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Tutu’s Corner

Dental health for children

Column by Tutu and me Traveling Preschool

Hawaii has the unfortunate distinction of having the worst dental health in the country. For the entire U.S., the Centers for Disease Control (CDC) recommends that greater attention be paid to the oral health needs of toddlers and preschoolers because the presence of cavities remains high in young children (28 percent) and is trending upward. Cavities or caries as a young child are often in the front baby teeth called baby bottle tooth decay. Although these teeth are replaced, their absence contributes to problems in language development, eating and sometimes the spacing of permanent teeth. Fluoride is built into the enamel to strengthen the tooth against decay.

Try this at home:
• Start early taking your child to the dentist at age 15 – 18 months. Most dental insurance covers a preventative visit at age 1. Start cleaning, brushing and flossing as soon as there are two teeth and get your child used to you doing things to their mouth.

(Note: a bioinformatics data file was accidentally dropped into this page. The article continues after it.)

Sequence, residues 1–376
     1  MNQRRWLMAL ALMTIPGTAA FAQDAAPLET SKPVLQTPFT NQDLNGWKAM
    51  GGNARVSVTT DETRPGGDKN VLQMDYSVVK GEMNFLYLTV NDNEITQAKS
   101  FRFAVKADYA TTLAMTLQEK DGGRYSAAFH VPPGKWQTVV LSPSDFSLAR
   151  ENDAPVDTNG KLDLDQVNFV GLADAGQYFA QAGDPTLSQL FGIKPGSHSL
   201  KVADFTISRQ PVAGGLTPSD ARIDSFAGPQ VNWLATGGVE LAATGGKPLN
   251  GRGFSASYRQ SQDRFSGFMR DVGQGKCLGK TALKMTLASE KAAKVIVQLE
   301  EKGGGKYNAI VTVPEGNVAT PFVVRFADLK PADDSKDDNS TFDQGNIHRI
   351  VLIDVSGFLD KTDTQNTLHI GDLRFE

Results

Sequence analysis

• Make tooth brushing a fun activity, something the child will miss out on. Your enthusiasm is contagious! Laugh and make a lot of noise. Have the whole family and older siblings brush together.
• Allow your child to brush your teeth or a doll’s teeth, and then you brush their teeth. By age 4 or 5 children are usually ready to brush their teeth on their own twice a day, with supervision until age 7 when their manual dexterity is fully developed.
• Buy appealing child-sized toothbrushes with soft rounded or polished bristles and replace them when worn.
• Test different flavors of toothpaste, using only a pea-sized amount on the child’s brush. Avoid paste with pyrophosphates (they burn). Emphasize spitting out the toothpaste.
• Try dental floss products made especially for children to capture their interest in flossing.

Remember: The reward for maintaining dental health in childhood is priceless – your child’s beautiful smile – which will contribute to self-confidence and better health into adulthood.

Contributions from Tutu and Me Traveling Preschool, a program of Partners in Development Foundation.  Tutu and Me is funded through a grant from the U.S. Department of Education.

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